Strategy two would be to make an old fool of myself. I would buy a motorbike, take flying lessons, have my nipples pierced, pull my hair back in a ponytail and stop eating. The Independent would be thrown away, and instead I'd scan men's magazines for clothes ideas. I'd start dressing myself in DKNY and Issey Miyake. In the office I would prowl the corridors looking for young women to make suggestive remarks to. I would finally get my leg over a youthful employee with whom I'd been having an e-mail dalliance, and then carry on a preposterous relationship which would end with my getting caught, shamed and possibly divorced. At which point I could revert to strategy one, or repeat strategy two for as long as my health and money held out.

And then there was strategy three: make the best of it. Every now and then you meet someone tanned and bright-eyed, laughter lines creasing their upper face, good white teeth, a fond wife and daughters, and they tell you that they're 67 and off to the Galway fiddle festival to meet up with old friends. And you think: that'll do for me.

But, to stand a chance of eventually becoming one of these gorgeous pensioners, my life had to change. Specifically, I had to do two things: first, get out of my terrible, mind-numbing job and, second, have an adventure. Within months I had accomplished the former. I had handed in my notice to general amazement, and departed. Did I feel better for it? Yes, I did. And the adventure? The adventure came a bit later.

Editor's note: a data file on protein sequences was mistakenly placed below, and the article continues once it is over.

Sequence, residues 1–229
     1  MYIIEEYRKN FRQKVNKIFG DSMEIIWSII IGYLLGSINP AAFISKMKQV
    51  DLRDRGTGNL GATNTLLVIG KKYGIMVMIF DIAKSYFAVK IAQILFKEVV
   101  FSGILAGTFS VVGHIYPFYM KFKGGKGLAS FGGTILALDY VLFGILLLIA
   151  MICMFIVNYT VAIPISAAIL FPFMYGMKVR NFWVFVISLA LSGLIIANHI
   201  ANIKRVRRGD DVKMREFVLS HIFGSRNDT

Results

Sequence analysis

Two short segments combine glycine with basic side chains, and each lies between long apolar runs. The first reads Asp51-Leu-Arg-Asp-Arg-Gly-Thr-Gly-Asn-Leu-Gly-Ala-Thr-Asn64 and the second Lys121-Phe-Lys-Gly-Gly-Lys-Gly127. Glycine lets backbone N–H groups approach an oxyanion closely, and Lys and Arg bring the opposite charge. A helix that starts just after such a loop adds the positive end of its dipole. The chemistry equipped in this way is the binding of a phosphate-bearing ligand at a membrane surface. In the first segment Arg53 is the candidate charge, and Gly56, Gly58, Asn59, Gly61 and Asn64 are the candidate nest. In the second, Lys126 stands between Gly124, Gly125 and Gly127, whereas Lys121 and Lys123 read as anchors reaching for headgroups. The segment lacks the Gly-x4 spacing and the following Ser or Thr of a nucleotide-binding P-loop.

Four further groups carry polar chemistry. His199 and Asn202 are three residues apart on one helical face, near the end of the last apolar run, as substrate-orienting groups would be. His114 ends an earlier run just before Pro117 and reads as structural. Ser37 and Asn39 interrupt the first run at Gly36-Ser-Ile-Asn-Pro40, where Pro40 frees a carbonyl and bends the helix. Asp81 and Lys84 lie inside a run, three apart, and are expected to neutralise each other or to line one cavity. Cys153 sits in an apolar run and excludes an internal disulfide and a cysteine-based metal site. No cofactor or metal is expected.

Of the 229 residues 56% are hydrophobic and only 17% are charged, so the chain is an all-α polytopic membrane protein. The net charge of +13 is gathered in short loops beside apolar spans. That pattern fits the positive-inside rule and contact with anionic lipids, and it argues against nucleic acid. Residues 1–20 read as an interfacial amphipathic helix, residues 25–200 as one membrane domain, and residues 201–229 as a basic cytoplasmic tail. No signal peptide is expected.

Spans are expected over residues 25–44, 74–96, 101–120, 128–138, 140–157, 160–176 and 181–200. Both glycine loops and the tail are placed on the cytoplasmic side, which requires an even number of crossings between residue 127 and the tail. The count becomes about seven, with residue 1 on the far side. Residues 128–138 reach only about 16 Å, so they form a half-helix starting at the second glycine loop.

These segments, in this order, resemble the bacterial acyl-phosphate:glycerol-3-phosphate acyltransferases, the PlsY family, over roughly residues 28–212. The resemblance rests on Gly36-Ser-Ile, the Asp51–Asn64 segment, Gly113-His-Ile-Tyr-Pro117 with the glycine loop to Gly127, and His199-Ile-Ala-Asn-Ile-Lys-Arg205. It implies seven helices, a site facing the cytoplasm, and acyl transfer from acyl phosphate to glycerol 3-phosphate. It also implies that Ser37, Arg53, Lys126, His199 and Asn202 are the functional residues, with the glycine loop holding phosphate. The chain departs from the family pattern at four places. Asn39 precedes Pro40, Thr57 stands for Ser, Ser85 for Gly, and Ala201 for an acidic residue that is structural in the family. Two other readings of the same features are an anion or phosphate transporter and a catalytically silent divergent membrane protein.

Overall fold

On the last day of May 1998, at the age of 78, my father died. Despite a decade of various cancers, he'd managed to have a very good last 20 years: he'd dashed around Europe with his partner, Annie, driving hundreds of miles to see a beloved painting in a German art gallery, before heading for the Dolomites, where he would happily scramble across glaciers. Dad had managed to postpone his retirement until his mid-seventies and, till the last week, still worked a good 10 hours a day on the projects that interested him.

During the quiet, tearful period after his death, we took the kids off to Center Parcs to get away from sympathy and phonecalls. And it was there, as my five-year-old daughter and I were paddling a large green plastic canoe across the artificial boating lake, that a very good idea came into my head. I knew, at last, what my adventure would be. I would propel a kayak across England. Of course!